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- December 2002 edition of the Naval Historical Review (all rights reserved)
Fairmile ships of the Royal Australian Navy
by Peter Evans, AM
Australian Military History Publications,
13 Veronica Place, Loftus. 2232. $40.00
Reviewed by Max Thomson
Of all the ‘wet’ ships in the Royal Australian Navy during WW2, few if any were ‘wetter’ than the Fairmile patrol vessels.
As the smallest of the Navy’s ocean-going vessels, their crews copped incessant drubbings as the Fairmiles embraced a spectrum of incredible assignments, so many of which they were never designed for.
These patrol vessels, described by newsmen as mini gunboats, were denied the dignity of a name but instead were allocated numbers – 424 to 431 and 801 to 827.
For the well-organised Fairmile Association of Australia, veteran Navy man, historian and wartime Fairmile crew member Peter Evans AM has published the first of two enthralling books embracing the whole saga of the Fairmile patrol vessels.
Volume 1 documents the success Fairmiles enjoyed in the UK, especially during commando raids along the German occupied French coast. It details the Australian Government’s decision to build these anti-submarine ships in Australian boat-building yards in a way that would not interrupt those shipyards frantically producing corvettes, frigates and destroyers for the war at sea. The story of those yards and how they built the 35 Australian Fairmiles plus the smaller Harbour Defence HDMLs is splendidly documented.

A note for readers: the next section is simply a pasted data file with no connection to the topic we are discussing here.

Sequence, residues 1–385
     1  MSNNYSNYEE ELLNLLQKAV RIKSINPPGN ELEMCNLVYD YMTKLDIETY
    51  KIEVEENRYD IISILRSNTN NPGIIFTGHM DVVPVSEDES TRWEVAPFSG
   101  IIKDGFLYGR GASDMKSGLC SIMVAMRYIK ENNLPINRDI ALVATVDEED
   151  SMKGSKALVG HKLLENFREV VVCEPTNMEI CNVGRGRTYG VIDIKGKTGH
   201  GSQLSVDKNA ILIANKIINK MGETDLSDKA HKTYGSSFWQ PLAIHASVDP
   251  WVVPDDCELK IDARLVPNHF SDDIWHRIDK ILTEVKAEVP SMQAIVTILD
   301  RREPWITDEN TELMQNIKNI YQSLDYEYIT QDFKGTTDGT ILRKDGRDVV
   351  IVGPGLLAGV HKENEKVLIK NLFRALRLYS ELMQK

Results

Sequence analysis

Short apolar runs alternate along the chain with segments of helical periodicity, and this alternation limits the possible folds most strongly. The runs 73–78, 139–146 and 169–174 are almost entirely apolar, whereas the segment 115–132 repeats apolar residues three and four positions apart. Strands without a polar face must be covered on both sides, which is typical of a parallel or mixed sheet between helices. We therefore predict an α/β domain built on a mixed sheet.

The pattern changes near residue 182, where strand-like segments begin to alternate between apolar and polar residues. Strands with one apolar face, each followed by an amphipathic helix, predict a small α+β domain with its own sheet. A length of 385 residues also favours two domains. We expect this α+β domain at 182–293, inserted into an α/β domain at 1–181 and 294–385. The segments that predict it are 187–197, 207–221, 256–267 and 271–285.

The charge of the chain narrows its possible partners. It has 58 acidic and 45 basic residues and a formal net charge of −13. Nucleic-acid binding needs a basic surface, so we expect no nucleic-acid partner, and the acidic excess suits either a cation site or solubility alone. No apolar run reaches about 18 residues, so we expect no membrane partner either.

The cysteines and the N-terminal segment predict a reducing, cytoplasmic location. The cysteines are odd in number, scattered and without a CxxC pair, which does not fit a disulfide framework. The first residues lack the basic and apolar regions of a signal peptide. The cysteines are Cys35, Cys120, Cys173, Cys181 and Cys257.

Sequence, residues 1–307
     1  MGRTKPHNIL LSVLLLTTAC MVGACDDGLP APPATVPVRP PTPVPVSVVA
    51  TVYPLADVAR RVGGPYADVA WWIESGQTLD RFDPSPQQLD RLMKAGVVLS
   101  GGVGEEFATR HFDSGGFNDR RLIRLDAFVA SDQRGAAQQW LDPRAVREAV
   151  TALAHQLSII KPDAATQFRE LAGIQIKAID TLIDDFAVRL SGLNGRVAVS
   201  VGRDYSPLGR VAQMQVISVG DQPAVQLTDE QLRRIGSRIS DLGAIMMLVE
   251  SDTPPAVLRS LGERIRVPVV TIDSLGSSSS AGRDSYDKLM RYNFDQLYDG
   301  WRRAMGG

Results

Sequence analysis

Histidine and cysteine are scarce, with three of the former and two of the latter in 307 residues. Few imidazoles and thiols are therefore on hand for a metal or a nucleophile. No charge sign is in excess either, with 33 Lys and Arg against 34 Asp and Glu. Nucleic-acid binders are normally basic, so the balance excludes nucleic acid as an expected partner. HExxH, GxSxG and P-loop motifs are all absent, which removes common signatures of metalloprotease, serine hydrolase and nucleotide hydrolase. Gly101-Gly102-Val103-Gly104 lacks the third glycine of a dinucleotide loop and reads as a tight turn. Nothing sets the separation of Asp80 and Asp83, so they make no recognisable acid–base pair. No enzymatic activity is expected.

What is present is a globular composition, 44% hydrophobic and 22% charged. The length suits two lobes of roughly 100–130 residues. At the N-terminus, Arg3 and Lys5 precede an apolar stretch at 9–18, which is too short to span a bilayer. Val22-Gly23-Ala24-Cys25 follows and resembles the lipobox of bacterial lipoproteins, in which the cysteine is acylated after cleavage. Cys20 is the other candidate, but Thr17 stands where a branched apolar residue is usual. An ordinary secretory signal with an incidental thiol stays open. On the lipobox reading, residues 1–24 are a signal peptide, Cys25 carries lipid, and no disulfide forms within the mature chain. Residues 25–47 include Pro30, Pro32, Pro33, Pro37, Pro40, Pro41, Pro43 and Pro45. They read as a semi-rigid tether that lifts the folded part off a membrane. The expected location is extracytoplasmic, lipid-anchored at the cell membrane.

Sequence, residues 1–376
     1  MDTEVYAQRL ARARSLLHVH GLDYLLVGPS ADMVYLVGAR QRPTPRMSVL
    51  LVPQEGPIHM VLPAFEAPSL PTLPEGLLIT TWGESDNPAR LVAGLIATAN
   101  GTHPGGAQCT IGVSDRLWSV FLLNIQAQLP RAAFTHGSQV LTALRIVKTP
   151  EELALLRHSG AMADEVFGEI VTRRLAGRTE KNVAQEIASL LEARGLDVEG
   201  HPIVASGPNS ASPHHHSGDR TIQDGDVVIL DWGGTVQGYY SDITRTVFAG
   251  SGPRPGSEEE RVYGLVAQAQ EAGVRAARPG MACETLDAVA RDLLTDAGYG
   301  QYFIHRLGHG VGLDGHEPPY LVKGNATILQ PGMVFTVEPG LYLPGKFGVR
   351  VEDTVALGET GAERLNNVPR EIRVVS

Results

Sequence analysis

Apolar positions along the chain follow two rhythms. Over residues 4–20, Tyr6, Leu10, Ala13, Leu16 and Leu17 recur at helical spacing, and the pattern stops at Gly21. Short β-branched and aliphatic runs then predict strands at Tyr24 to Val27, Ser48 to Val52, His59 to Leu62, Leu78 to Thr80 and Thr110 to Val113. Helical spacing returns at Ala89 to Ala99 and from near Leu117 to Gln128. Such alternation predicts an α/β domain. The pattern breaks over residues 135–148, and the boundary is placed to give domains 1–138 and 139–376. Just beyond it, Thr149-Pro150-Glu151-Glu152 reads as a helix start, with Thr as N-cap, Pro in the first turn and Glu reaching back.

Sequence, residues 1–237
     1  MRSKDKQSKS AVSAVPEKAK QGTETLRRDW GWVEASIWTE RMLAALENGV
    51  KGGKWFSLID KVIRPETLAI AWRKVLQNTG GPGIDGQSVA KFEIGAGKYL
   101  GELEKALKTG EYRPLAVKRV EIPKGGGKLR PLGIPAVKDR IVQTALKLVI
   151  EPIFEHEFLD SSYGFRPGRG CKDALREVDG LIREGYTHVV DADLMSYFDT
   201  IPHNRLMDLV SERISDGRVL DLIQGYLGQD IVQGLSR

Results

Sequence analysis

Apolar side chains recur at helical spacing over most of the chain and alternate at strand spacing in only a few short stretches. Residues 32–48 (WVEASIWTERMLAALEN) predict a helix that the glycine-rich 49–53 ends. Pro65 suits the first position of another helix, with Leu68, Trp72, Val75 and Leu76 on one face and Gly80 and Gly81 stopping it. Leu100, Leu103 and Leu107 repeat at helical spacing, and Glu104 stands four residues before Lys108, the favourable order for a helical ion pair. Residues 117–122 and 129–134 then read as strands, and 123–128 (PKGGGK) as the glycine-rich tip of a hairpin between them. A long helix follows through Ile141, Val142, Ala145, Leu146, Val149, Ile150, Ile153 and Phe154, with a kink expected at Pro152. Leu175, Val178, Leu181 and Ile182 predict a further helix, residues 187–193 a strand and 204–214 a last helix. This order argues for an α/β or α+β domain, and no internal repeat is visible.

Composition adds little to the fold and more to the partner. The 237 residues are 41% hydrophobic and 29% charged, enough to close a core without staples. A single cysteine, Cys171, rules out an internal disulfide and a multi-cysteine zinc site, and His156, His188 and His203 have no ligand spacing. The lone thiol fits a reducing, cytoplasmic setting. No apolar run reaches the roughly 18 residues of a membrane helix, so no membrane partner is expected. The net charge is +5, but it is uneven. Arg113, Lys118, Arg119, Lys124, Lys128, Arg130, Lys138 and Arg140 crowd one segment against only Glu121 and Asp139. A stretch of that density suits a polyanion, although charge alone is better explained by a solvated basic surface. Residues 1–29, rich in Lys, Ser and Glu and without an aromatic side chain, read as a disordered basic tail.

Volume 1 concentrates on those Fairmiles that were based on Darwin – then preserves for posterity the incredible saga of assignments in which the Fairmiles figured as they undertook convoy escort work, anti-submarine patrols, enemy coastal surveillance, encounters with enemy barge traffic, commando operations and all the routine of day by day naval activities.
Volume 2 next year will document the operations of the Fairmiles that operated in New Guinea waters.
Painstaking research, colourful first-hand accounts from the men who served in these ships, access to dramatic photographs, sketches and plans; recording of the full spectrum of Fairmile construction specifications, armaments and manning and training requirements complete a splendid documentation of the Fairmiles frantically produced in 1942 and 1943 at a time when Japanese submarines were rampaging off our east coast.
National Fairmile Association President Greg Percival OBE in his foreword emphasises the immensity of detail extracted during five years in which Peter Evans AM researched ‘Fairmile ships of the Royal Australian Navy.’